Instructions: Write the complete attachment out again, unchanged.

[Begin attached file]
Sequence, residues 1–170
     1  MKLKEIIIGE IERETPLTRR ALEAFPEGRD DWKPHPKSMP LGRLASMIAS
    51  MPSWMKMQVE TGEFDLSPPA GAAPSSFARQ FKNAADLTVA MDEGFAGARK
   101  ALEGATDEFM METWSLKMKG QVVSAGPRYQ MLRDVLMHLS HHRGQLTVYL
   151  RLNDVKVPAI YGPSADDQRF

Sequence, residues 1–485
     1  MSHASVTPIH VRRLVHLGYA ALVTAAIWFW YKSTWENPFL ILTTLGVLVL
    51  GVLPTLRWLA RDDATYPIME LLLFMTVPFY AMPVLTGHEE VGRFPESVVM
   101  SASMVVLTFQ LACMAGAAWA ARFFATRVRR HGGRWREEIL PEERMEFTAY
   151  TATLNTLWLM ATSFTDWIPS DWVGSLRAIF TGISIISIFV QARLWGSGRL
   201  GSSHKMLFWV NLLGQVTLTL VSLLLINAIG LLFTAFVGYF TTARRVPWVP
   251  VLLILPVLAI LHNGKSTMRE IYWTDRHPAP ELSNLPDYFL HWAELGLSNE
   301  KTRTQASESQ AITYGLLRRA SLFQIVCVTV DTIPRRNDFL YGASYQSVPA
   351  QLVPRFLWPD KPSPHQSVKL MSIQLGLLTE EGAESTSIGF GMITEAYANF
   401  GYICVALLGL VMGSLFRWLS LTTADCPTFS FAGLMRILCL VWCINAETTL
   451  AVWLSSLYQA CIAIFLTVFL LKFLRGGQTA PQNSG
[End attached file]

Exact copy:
Sequence, residues 1–170
     1  MKLKEIIIGE IERETPLTRR ALEAFPEGRD DWKPHPKSMP LGRLASMIAS
    51  MPSWMKMQVE TGEFDLSPPA GAAPSSFARQ FKNAADLTVA MDEGFAGARK
   101  ALEGATDEFM METWSLKMKG QVVSAGPRYQ MLRDVLMHLS HHRGQLTVYL
   151  RLNDVKVPAI YGPSADDQRF

Sequence, residues 1–485
     1  MSHASVTPIH VRRLVHLGYA ALVTAAIWFW YKSTWENPFL ILTTLGVLVL
    51  GVLPTLRWLA RDDATYPIME LLLFMTVPFY AMPVLTGHEE VGRFPESVVM
   101  SASMVVLTFQ LACMAGAAWA ARFFATRVRR HGGRWREEIL PEERMEFTAY
   151  TATLNTLWLM ATSFTDWIPS DWVGSLRAIF TGISIISIFV QARLWGSGRL
   201  GSSHKMLFWV NLLGQVTLTL VSLLLINAIG LLFTAFVGYF TTARRVPWVP
   251  VLLILPVLAI LHNGKSTMRE IYWTDRHPAP ELSNLPDYFL HWAELGLSNE
   301  KTRTQASESQ AITYGLLRRA SLFQIVCVTV DTIPRRNDFL YGASYQSVPA
   351  QLVPRFLWPD KPSPHQSVKL MSIQLGLLTE EGAESTSIGF GMITEAYANF
   401  GYICVALLGL VMGSLFRWLS LTTADCPTFS FAGLMRILCL VWCINAETTL
   451  AVWLSSLYQA CIAIFLTVFL LKFLRGGQTA PQNSG